Written by Pekka Pitkänen Reviewed By Sandra Richter

In his revised dissertation, Pekka Pitkänen examines the issue of the centralisation of worship in Israelite experience and theology from the Levitical ideal through the era of the tribal league, concluding with statements regarding centralisation in the days of Solomon. His goal is to contribute to a new paradigm of interpretation for this critical topic.

In chapter one, Pitkänen addresses the motivation for his study: ‘previous approaches which have more or less challenged the Wellhausenian consensus … are few and far between and mostly limited in scope’ (12–13). In chapter two, Pitkänen reviews the ANE relationship between a deity, its image, and its temple, and proposes that in Israel’s analogous experience local sanctuaries might co-exist with the central sanctuary. In chapters three and four, he investigates biblical pericopes critical to the discussion through the lenses of literary analysis, historical criticism, biblical theology, and, at times, archeology. His chosen passages are quite substantial: Leviticus 17:1–15; Jeremiah 7:12–15 and 26:4–6, 9; Psalm 78:56–72; Deuteronomy 27:1–8; Joshua 8:30–35; 22:9–34 and Judges 17–21.

Pitkänen concludes that ‘the Priestly material’ demands centralisation in the wilderness, but not after (272); ‘Deuteronomy sees centralisation as an ideal, to be attained after settlement is complete and conditions are ideal’ (272); with the rejection of Shiloh, the old order of worship was abandoned (273); during the interlude between Shiloh and Solomon ‘there was no place where Yahweh’s name dwelt’ and although Solomon was commanded to centralise, he did not and ‘is explicitly criticised in this respect’ (275). Thus, ‘we may conclude that the history and theology of the centralisation of worship are compatible with each other … and this conclusion does not depend on the date and provenance of the biblical materials discussed’ (275). The author also concludes that Deuteronomy need not be dated to the seventh century bce, and advocates a pre-monarchic date (specifically, pre-Aphek [1 Samuel 4]) for Deuteronomy and Joshua and what he terms ‘the Priestly material’ from the Pentateuch.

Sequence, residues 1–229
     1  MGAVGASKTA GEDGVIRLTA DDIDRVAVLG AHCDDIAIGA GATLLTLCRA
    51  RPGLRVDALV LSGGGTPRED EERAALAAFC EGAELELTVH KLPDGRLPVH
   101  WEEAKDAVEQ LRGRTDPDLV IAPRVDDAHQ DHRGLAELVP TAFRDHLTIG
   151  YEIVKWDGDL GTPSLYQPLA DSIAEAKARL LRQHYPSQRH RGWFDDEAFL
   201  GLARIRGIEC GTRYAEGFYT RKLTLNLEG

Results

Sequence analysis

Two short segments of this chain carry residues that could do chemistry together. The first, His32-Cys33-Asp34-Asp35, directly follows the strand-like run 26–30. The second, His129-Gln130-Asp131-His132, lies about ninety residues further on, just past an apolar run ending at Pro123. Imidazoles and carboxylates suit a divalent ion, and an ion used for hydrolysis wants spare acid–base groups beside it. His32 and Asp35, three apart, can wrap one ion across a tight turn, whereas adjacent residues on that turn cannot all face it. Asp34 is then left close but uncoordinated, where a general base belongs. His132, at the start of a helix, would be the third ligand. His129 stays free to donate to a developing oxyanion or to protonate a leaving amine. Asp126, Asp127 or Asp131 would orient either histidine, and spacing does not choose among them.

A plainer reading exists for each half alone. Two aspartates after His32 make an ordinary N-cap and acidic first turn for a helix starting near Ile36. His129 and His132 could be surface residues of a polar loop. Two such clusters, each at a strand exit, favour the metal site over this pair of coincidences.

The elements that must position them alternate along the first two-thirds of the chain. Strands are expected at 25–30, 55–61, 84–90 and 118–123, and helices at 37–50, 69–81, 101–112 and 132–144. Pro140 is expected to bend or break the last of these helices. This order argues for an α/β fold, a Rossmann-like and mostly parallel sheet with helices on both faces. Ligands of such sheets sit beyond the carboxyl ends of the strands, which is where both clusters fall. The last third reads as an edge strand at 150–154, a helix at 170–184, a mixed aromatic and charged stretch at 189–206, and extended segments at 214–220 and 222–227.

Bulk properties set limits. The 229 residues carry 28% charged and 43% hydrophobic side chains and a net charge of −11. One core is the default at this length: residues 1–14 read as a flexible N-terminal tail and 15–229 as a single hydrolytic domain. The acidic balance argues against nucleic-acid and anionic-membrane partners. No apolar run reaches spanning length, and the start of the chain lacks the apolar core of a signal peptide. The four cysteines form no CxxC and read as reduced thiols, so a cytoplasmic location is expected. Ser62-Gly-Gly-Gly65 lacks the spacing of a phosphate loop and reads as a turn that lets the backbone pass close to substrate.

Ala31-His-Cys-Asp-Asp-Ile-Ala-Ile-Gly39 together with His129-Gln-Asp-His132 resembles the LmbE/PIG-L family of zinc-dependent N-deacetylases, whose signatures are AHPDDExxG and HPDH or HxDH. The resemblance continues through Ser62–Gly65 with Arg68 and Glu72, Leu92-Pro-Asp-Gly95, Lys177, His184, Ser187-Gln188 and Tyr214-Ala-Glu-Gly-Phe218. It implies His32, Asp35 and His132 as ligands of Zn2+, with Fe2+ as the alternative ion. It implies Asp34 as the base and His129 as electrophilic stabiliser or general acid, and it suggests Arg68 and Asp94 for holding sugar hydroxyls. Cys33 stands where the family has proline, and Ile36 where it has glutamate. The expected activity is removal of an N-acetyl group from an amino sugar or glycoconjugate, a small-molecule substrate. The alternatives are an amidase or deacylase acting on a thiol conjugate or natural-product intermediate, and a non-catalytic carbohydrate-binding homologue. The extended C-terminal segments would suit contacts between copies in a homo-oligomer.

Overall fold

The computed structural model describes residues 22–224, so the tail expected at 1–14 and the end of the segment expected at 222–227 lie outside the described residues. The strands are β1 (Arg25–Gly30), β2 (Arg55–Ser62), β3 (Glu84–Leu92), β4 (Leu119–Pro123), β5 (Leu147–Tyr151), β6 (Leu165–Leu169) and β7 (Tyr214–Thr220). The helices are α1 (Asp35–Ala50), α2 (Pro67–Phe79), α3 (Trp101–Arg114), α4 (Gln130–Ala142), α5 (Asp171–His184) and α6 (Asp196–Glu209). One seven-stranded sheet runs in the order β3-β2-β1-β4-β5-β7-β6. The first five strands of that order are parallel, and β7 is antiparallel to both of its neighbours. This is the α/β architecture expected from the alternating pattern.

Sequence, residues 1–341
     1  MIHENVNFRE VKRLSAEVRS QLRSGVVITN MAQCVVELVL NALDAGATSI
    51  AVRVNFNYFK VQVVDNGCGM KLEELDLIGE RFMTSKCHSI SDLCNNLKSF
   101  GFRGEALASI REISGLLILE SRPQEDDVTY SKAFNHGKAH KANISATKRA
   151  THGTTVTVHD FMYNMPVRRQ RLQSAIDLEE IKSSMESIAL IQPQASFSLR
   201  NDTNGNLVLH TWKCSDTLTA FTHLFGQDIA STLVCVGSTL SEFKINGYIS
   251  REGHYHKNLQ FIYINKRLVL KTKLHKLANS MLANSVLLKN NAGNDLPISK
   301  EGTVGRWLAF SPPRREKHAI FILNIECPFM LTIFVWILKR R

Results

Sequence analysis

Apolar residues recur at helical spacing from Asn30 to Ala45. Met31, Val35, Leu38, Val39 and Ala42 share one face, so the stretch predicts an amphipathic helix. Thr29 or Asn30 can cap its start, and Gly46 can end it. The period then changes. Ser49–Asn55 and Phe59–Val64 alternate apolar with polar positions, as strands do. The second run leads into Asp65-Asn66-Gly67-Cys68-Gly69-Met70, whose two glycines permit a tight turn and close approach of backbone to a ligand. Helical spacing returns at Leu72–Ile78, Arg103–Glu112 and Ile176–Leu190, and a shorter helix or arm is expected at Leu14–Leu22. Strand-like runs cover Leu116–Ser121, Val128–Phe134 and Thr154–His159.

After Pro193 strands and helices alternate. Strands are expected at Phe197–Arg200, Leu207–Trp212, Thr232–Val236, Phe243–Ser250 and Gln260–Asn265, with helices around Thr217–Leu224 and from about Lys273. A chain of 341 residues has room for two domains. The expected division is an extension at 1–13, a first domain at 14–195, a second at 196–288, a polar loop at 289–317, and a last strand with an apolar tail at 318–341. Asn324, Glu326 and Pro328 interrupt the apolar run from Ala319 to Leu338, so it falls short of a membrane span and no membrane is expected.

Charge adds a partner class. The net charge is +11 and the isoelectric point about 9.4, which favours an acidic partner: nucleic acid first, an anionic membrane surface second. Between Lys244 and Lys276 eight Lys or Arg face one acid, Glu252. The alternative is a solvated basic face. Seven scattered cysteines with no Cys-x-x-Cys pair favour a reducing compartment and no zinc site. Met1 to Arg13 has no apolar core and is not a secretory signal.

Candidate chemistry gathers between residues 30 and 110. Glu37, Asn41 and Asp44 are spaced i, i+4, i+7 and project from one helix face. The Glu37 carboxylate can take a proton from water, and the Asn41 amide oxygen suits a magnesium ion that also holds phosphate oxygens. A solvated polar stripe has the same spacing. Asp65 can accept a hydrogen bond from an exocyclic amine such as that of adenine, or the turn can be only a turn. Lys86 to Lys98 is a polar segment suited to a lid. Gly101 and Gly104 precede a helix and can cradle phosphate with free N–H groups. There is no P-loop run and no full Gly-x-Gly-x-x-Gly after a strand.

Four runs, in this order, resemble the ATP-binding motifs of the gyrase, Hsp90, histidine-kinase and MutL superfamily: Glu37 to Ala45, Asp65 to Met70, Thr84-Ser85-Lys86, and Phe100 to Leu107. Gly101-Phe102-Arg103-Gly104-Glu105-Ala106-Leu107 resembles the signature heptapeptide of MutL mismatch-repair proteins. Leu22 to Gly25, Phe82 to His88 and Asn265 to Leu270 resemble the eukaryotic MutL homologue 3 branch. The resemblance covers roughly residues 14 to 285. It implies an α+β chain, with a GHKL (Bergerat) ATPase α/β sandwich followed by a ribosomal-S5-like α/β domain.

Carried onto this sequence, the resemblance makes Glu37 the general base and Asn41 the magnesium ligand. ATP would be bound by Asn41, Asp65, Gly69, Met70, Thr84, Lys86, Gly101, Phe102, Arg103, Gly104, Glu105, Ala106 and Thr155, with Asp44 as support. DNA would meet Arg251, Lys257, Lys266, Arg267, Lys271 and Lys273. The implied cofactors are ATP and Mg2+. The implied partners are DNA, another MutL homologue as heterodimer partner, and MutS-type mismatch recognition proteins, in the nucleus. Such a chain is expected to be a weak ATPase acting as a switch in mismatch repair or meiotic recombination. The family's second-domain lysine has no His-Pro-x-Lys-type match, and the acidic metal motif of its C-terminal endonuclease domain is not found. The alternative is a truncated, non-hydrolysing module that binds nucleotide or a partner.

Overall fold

Pitkänen has attempted a very ambitious project; a broad spectrum of topics are addressed and a great deal of research is represented. As might be anticipated by the scope of the study, however, many subjects are dealt with in a streamlined and uneven fashion. For example, Pitkänen’s outline of the ‘scholarly consensus’ regarding centralisation (1–24) substantively addresses only Wellhausen, allowing long quotations from Gordan Wenham to address the following one hundred years of scholarship. Moreover, his attempt to articulate a ‘general ancient Near Eastern conception of divine presence’ (25) is based upon a very selective review of ANE literature. His lack of engagement with the various reconstructions of the DH is evident throughout. Although marked by some compelling and creative insights, other lacuna such as a critical exegesis of Deuteronomy 12, a consistent treatment of the Deuteronomic idiom ‘the place I choose lesakkēn šemô šām’ (cf. 117–18, 123, 158, 258), and the presence of massēbôt in orthodox Israelite worship, detract from the volume’s persuasiveness.

The most difficult aspect of this book, however, is the author’s lack of clarity regarding whom he is in dialogue with and why. Although he states that he ‘will not assume Pentateuchal source division’ (16), he refers to and debates the delineation and dating of the Pentateuchal sources throughout the study. Although he often states that the historical provenance of his pericopes is inconsequential to his conclusions, much time is spent reporting and debating historical assessments of these same texts. Frequently the reader is told that the evidence just presented is ‘not all that important’ (109, 123). As a result, the reader is exposed to a great deal of unproductive discussion; convoluted argumentation and overly tentative conclusions leave the reader unsure of the author’s primary goals and confused as regards his developing thesis.

As regards his conclusions, a significant aspect of Pitkänen’s reassessment is his suggestion that centralised worship was not expected during ‘less than ideal conditions’ (i.e. times of military unrest or foreign oppression). This thesis prompts several difficult questions: what constitutes an era of foreign oppression, from which biblical book’s perspective might we define a period as such, and when and where was this ‘loop-hole’ communicated to the Israelites?

The central chapters are the strength of the book. In them Pitkänen discusses the biblical pericopes involving religious centralisation in ancient Israel. Here Central Sanctuary and Centralisation of Worship in Ancient Israel provides a very useful collection of primary and secondary literature regarding this important topic.

Sandra Richter

Asbury Theological Seminary